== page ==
Putting our own house in order: faithful footprints
By Lucy Cummings, Faith & the Common Good
Across the country, churches are doing their part to address the climate crisis by getting their houses in order and reducing their own carbon emissions. The United Church of Canada is committed to reducing its own carbon emissions by at least 80% by 2050, in line with the Paris Climate Targets. To meet this target, the church has created a program, in partnership with Faith & the Common Good, called Faithful Footprints. Faithful Footprints offers grants, tools and mentorship to help United Church congregations to reduce their faith building energy usage – the church’s largest source of carbon emissions and costs.
Yet, beyond reducing carbon pollution, Faithful Footprints is also about congregational renewal, community leadership, and ecological justice.
For Beacon United in Yarmouth, N.S., energy-efficient actions began as a way to reduce operating expenses. Happily, these actions also started them on a path of renewal — decreased operational costs (reduced fuel usage by 50%), increased community use (community garden capacity is now 180 plots), and increased rental income ($50,000/yr).
St. Paul’s United Church in Edmonton was an early leader in reducing their own carbon footprint via a renewable energy installation. For St. Paul’s, according to Rev. Dr. Catherine Faith MacLean, it was a question of “who we want to show ourselves to be” and “how to share the warmth, love and presence of God in our community.” The solar panel installation not only demonstrated care for the community, but also how the church can model how we can work together to address the climate crisis. https://vimeo.com/296741686
In the prairies, Faithful Footprints is working with Purpose Construction, a construction social enterprise that seeks to provide jobs for folks with barriers to employment. As Purpose Construction’s Kalen Taylor notes, “Participating congregations have the option of working with Purpose Construction to perform energy efficiency upgrades, creating training opportunities in the green building trades for refugees, newcomers, Indigenous peoples and those transitioning out of the justice system.”
“As people of faith, we recognize that to bring truly inspiring climate leadership to our communities, we must practice what we preach,” said Faith & the Common Good’s Lucy Cummings. “Faithful Footprints is about helping United Church congregations to live their climate commitments, for future generations, and for all of Creation.”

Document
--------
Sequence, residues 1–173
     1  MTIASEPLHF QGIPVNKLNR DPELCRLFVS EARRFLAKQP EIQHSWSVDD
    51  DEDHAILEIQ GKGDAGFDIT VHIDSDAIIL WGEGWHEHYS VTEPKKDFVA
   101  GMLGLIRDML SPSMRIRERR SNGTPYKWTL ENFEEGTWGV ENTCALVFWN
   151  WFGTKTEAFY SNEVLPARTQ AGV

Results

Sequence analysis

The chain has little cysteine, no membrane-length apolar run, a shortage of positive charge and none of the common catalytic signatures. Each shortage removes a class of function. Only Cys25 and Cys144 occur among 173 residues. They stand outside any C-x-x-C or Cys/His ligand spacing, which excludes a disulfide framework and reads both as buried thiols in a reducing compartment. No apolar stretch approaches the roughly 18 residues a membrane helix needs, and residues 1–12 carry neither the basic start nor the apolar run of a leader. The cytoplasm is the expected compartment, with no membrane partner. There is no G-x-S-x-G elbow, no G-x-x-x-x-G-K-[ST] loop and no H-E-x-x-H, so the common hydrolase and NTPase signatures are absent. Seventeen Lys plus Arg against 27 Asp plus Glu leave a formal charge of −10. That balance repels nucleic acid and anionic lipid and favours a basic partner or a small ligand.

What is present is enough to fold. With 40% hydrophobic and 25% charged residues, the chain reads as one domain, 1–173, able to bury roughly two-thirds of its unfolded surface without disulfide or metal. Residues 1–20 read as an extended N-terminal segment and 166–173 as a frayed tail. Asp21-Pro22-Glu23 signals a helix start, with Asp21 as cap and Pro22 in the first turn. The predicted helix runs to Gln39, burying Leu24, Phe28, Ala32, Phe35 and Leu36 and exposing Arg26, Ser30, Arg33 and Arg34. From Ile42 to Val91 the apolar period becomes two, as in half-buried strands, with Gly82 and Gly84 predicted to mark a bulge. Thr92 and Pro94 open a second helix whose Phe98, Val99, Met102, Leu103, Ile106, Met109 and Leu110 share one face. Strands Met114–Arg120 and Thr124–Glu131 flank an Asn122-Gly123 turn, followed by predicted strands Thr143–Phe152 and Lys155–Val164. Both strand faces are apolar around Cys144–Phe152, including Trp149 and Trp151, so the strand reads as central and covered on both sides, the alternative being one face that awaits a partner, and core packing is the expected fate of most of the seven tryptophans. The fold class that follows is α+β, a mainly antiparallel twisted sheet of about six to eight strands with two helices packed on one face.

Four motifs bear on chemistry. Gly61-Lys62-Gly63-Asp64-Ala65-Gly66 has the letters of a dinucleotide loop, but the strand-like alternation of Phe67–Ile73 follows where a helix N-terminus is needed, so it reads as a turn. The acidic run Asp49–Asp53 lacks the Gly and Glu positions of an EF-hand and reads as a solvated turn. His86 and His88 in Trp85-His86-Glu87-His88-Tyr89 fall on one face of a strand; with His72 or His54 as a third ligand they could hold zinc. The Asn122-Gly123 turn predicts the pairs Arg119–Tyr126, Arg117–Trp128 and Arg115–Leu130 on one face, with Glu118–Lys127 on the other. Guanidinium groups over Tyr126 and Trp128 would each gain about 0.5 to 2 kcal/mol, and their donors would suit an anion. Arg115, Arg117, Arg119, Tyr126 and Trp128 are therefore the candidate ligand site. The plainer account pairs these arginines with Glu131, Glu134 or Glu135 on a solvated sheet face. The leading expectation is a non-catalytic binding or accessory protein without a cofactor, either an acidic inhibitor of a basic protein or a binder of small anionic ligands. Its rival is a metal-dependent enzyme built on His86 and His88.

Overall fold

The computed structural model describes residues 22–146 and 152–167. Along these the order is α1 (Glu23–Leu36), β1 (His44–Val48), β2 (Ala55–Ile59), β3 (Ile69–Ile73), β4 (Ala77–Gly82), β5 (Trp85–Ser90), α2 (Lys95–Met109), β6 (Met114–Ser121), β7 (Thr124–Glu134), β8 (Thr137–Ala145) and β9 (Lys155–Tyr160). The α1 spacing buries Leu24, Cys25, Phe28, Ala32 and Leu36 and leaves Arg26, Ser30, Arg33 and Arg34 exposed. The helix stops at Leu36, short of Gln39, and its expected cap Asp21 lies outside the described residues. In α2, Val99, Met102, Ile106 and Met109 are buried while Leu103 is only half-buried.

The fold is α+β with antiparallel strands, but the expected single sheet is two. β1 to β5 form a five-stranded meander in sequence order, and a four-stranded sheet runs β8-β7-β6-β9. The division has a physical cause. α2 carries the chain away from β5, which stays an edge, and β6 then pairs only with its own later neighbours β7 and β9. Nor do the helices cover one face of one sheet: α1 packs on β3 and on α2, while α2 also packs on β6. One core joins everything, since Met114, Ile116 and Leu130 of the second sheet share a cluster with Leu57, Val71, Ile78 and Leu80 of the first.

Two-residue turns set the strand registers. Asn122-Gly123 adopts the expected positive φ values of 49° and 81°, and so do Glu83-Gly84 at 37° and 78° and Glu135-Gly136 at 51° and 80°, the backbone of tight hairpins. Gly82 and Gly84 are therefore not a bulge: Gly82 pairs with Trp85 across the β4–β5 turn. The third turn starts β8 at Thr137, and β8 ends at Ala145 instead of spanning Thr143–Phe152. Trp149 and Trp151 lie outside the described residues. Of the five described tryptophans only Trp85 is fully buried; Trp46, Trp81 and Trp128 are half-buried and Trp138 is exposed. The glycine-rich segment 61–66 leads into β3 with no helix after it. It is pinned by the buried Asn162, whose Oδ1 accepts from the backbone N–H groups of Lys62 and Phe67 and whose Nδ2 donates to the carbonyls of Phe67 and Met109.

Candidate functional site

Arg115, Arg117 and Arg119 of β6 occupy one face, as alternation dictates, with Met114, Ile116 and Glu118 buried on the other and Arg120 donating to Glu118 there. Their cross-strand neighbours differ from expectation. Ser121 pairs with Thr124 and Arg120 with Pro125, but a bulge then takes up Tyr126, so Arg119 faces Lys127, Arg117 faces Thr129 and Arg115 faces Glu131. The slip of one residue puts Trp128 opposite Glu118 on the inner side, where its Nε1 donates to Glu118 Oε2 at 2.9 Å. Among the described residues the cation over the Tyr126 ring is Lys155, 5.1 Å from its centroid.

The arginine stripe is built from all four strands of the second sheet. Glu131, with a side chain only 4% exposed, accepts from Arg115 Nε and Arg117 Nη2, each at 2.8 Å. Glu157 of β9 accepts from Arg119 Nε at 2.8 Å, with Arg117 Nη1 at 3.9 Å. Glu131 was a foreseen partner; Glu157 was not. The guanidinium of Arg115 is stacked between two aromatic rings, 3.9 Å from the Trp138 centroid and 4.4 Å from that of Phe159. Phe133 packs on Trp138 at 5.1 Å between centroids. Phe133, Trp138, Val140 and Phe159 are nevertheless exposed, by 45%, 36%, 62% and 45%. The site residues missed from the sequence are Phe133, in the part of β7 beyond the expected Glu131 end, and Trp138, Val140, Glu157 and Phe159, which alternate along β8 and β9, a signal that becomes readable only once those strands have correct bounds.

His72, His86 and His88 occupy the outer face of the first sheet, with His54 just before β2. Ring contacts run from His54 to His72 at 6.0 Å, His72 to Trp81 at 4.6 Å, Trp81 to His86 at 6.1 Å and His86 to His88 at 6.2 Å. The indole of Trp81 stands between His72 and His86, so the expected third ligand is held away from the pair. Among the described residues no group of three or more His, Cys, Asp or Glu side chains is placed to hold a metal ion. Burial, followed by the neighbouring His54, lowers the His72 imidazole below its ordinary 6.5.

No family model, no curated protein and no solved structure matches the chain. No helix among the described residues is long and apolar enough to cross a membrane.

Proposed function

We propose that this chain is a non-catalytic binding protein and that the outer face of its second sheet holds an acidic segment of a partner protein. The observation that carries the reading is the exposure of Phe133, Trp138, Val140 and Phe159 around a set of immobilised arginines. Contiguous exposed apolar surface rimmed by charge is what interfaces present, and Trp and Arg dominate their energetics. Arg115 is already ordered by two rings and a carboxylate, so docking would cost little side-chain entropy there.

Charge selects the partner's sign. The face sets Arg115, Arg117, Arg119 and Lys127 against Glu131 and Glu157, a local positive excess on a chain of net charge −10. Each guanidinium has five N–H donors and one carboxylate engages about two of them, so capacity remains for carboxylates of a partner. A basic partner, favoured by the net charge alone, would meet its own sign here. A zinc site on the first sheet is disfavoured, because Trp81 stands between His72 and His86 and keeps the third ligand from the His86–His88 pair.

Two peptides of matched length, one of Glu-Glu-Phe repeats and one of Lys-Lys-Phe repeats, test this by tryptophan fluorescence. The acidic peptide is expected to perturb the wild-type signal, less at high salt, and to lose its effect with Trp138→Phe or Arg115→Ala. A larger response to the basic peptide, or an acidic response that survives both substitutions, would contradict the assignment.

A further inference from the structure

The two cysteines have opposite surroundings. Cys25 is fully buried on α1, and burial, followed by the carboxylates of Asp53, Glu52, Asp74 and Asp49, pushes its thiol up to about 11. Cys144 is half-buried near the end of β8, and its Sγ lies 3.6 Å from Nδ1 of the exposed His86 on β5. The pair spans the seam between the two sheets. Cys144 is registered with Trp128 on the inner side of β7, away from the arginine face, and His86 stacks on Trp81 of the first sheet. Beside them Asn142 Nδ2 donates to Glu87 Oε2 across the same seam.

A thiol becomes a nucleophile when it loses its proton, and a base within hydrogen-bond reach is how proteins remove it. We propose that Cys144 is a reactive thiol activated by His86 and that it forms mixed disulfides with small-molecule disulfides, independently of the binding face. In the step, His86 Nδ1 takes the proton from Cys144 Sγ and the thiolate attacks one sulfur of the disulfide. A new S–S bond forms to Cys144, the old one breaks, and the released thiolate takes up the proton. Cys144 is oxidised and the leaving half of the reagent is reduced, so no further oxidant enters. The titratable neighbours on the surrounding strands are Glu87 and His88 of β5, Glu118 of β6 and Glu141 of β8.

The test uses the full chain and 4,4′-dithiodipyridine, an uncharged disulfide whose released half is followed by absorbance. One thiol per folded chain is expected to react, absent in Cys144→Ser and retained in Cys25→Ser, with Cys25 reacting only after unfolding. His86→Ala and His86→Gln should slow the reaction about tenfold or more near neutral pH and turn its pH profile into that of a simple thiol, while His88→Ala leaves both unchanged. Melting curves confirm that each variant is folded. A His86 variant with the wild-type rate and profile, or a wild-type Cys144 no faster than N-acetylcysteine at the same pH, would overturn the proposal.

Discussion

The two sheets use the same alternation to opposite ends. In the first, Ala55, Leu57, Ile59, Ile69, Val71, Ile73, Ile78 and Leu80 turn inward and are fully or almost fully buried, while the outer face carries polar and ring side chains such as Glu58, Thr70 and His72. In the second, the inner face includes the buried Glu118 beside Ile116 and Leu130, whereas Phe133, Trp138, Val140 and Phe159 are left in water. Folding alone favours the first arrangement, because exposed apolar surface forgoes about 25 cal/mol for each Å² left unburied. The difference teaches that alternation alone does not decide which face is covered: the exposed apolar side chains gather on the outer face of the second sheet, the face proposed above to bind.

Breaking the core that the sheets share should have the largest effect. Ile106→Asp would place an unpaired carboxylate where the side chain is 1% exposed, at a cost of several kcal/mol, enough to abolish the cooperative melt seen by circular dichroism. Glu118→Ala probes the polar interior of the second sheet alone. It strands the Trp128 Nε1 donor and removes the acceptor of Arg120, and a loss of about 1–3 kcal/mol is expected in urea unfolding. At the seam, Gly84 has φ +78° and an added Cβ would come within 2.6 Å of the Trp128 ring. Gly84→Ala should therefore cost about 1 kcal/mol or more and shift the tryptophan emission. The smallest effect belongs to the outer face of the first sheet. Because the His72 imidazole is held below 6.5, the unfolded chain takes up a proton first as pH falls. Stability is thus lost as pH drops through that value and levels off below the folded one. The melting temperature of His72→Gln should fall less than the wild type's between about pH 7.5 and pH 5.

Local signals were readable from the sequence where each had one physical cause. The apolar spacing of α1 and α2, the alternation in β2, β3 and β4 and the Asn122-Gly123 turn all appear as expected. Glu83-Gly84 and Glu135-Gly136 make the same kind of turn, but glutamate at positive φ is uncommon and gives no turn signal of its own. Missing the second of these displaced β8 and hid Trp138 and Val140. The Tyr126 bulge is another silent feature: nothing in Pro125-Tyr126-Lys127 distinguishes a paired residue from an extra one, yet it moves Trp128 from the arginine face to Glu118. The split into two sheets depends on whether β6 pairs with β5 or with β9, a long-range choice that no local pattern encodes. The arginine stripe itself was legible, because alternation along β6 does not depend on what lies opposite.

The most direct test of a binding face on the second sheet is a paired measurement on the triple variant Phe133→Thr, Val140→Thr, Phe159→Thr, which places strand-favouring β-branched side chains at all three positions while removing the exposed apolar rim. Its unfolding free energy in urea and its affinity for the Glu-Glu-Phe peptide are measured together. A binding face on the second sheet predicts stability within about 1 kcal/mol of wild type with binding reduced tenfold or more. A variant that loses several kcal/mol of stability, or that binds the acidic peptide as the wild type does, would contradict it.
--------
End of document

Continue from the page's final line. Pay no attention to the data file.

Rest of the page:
Learn more about Faithful Footprints on their website and read “Climate Justice: Building the World We want to Live in”.
Explore the tools and guides developed by Faith & the Common Good to support faith communities in taking action on sustainability and reducing their carbon emissions.
Today’s action is to organize a conversation on climate change. The conversation doesn’t need to happen today, but make a plan and set an intention to do it in the coming weeks. A conversation can take many forms. Here are two examples and some resources to support you:
- Chat with your family or children about climate change around the dinner table this weekend. Here is a great resource from US National Public Radio (NPR) on How to Talk to your Kids About Climate Change.
- Invite members of your church to a conversation on how you can reduce energy consumption as a community. Use Faithful Footprint’s DIY Faith Building Energy Audit Guide, which discusses low or no-cost measures to give operators of religious buildings a range of options they can apply to reduce their energy bills while adding comfort and attractiveness to their facility.
- Plan ahead to invite members of your faith community into small group conversations about understanding climate change or moving towards greater action on climate change. For the Love of Creation, a faith-based initiative for climate justice, will be offering Faithful Climate Conversation guides in English and French by the end of October. Contact firstname.lastname@example.org if you have questions.
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